Austen Said:

Patterns of Diction in Jane Austen's Major Novels


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marriage status

class status


mode of speech

remember some of that gentleman's reputed disposition when quite a lad which might agree with it,
was confident at last that she recollected having heard Mr. Fitzwilliam Darcy formerly spoken of as a very proud, ill-natured boy.
she was,
Mr. Gardiner would be prevented by business from setting out till a fortnight later in July, and must be in London again within a month, and as that left too short a period for them to go so far, and see so much as they had proposed, or at least to see it with the leisure and comfort they had built on, they were obliged to give up the Lakes, and substitute a more contracted tour, and, according to the present plan, were to go no farther northwards than Derbyshire. In that county there was enough to be seen to occupy the chief of their three weeks;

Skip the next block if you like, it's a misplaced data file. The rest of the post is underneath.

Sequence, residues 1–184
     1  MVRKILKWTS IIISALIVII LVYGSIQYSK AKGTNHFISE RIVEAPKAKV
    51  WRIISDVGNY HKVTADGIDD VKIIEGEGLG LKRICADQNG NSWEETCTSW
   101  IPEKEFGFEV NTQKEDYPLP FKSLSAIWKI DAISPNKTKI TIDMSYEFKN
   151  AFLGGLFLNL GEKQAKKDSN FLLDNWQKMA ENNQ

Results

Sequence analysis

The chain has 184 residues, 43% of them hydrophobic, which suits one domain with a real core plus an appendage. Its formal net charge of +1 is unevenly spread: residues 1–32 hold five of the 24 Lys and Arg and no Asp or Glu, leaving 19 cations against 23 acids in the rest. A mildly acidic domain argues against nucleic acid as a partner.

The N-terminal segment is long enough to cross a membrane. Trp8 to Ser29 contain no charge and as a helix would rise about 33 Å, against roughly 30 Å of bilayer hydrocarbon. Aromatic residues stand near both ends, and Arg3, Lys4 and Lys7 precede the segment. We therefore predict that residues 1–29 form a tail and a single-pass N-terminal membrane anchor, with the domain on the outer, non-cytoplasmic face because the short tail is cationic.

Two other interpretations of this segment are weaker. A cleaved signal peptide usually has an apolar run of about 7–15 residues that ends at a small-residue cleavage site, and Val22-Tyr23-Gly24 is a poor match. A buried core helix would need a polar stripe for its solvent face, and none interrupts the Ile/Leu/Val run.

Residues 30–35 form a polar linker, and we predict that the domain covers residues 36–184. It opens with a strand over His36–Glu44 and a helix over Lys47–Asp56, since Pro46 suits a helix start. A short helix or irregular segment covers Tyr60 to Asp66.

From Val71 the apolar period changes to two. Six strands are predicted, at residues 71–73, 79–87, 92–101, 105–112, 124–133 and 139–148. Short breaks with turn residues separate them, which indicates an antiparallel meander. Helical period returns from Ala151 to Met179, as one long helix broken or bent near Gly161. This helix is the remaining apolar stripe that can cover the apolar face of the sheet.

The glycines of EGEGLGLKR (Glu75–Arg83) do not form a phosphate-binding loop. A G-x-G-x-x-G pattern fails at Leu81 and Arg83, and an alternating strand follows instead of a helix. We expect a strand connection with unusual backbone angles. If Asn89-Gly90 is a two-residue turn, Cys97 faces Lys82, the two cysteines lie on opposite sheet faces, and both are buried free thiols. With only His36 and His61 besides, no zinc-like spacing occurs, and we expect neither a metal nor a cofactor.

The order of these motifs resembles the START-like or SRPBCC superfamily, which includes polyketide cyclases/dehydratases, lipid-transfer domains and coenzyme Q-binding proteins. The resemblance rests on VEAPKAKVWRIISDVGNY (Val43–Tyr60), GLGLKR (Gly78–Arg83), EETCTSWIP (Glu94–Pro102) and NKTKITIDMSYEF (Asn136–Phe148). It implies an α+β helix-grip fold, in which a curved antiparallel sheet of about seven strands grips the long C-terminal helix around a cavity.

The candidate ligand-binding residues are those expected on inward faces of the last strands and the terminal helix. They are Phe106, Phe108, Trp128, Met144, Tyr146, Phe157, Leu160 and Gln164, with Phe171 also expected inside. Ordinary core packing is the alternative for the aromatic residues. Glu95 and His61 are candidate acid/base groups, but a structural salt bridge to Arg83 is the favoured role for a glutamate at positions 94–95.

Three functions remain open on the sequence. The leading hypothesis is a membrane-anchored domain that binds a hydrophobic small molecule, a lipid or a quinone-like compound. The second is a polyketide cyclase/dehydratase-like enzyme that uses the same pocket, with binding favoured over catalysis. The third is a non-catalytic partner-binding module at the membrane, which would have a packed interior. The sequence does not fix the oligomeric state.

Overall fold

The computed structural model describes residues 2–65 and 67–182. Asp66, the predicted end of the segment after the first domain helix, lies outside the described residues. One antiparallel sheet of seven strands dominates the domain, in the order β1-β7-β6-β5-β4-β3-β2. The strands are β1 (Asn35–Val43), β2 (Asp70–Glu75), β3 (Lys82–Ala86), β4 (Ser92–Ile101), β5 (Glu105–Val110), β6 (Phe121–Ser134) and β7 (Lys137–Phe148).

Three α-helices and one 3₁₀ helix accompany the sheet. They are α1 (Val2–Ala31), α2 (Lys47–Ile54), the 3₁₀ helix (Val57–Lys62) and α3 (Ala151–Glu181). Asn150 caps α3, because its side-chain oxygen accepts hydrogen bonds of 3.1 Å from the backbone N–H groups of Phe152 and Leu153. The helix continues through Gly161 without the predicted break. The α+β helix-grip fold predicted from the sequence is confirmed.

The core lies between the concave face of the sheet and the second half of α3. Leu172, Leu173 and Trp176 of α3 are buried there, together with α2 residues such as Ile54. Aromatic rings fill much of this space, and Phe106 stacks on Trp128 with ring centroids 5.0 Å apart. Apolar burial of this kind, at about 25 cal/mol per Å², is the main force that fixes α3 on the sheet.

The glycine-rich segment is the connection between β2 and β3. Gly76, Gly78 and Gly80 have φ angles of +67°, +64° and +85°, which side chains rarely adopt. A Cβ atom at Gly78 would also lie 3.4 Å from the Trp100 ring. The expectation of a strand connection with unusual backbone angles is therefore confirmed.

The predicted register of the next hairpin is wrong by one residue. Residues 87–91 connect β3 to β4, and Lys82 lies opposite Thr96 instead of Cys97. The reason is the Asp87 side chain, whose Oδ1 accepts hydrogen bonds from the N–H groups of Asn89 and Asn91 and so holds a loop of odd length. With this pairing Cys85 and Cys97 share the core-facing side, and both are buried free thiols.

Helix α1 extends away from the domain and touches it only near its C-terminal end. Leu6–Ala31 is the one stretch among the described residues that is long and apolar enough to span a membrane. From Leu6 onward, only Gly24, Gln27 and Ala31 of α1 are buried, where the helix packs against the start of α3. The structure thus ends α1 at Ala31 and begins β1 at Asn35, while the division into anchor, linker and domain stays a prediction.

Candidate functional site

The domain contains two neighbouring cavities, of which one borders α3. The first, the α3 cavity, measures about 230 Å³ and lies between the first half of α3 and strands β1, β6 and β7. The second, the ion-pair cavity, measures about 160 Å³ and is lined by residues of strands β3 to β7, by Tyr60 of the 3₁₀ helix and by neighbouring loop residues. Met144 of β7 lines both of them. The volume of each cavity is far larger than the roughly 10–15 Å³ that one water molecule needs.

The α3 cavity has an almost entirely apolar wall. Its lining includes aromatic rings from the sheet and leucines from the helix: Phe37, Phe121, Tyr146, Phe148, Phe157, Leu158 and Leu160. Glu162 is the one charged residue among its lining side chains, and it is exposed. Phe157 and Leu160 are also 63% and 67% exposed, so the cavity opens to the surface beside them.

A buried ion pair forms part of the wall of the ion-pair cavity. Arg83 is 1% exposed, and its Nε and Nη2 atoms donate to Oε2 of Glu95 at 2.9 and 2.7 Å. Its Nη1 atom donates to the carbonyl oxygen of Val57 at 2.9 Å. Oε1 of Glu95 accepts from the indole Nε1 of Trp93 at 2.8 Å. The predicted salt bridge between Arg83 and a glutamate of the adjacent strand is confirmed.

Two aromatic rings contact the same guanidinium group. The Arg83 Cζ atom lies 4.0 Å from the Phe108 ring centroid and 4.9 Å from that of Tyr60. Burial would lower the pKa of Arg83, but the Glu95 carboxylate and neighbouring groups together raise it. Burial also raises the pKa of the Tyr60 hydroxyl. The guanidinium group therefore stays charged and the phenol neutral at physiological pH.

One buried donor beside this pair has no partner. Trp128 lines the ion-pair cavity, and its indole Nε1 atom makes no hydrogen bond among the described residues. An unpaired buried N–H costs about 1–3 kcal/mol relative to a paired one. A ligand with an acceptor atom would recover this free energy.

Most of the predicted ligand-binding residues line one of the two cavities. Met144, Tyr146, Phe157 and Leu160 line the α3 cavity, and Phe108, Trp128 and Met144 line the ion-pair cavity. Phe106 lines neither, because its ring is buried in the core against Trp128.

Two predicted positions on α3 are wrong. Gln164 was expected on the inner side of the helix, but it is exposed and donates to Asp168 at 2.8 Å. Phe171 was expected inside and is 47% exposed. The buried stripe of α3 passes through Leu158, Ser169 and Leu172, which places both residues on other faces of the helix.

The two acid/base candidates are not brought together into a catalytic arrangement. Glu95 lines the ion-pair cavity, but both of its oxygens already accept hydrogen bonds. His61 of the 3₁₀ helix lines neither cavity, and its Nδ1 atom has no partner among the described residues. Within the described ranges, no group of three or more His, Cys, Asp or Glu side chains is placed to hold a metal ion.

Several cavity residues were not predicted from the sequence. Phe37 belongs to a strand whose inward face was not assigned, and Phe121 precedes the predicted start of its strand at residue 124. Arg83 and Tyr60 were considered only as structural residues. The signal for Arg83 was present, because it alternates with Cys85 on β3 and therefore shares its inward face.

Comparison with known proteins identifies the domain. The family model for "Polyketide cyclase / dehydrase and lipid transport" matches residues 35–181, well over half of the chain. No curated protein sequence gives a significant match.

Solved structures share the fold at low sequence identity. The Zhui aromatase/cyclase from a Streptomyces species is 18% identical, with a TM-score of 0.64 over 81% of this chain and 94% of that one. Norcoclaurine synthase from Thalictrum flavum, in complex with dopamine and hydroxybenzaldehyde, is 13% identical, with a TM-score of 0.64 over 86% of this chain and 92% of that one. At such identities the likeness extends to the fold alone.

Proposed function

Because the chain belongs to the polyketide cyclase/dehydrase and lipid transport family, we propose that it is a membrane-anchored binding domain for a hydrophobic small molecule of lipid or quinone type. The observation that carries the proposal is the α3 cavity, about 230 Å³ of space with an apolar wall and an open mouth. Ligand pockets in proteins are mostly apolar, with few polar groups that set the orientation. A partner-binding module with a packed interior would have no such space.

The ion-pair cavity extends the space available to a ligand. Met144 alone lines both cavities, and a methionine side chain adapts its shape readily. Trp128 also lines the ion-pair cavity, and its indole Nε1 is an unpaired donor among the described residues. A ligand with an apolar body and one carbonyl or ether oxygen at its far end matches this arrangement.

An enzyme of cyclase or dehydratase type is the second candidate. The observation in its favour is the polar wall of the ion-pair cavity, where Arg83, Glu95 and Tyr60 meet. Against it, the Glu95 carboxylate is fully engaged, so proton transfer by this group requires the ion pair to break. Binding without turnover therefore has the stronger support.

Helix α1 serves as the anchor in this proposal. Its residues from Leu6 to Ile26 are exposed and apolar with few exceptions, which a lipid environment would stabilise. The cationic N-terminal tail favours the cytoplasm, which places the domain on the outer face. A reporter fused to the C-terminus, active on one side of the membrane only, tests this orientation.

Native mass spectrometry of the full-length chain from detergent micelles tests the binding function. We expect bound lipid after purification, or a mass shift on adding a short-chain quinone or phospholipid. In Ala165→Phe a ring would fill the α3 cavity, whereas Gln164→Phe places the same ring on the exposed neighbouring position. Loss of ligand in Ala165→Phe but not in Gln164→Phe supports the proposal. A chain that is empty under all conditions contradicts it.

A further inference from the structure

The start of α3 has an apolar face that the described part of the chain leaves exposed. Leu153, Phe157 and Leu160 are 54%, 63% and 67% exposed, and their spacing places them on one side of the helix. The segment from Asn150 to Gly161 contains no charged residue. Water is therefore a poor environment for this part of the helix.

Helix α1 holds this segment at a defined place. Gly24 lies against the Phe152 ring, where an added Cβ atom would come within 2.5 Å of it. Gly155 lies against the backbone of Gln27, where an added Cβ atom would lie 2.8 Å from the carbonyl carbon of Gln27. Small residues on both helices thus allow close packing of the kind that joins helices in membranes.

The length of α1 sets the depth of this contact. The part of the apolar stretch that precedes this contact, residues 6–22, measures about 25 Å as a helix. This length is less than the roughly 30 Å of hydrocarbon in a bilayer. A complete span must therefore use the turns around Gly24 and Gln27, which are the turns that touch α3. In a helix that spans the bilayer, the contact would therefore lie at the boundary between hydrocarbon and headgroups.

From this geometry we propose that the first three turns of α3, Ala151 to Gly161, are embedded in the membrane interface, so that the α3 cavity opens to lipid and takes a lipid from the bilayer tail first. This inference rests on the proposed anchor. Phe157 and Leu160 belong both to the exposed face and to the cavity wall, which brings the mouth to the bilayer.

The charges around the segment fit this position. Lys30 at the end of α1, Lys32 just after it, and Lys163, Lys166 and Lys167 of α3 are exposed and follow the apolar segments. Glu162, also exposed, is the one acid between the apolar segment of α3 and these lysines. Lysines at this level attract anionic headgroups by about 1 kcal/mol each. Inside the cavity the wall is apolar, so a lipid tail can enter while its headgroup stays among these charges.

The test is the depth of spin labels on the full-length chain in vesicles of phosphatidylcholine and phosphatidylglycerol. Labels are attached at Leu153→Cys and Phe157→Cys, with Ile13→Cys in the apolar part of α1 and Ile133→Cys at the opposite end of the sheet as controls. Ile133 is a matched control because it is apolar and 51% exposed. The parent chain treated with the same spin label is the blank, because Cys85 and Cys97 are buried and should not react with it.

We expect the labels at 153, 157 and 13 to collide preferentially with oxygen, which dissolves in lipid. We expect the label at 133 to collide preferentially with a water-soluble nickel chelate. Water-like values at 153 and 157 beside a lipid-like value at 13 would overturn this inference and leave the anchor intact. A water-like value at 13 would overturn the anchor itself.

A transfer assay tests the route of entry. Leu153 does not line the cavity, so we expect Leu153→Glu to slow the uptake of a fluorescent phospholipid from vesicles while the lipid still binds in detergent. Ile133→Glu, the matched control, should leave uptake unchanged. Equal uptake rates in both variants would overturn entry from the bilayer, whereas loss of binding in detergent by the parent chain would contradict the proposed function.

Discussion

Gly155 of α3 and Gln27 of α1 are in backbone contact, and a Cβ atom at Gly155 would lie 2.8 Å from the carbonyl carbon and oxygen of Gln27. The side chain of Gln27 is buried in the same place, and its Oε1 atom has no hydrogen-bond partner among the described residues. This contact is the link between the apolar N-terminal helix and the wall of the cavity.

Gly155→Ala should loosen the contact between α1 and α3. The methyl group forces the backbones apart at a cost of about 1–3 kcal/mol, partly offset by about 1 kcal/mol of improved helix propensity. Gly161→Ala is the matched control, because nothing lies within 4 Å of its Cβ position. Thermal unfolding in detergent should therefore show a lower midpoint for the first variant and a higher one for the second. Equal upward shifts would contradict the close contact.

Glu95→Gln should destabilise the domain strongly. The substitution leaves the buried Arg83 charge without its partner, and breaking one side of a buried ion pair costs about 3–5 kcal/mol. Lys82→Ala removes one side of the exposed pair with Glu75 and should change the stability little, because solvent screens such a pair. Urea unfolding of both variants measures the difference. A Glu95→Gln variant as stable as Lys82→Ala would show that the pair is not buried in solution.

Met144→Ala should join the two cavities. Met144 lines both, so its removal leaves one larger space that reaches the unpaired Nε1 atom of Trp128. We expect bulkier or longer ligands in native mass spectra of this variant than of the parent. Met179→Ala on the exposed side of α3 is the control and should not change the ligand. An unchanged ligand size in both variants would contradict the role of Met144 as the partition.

Pemberley was situated. It was not in their direct road, nor more than a mile or two out of it.
to see the place again.
how she liked it.
only of returning to the carriage as quickly as possible.
nothing, therefore, could be fairly conjectured from that,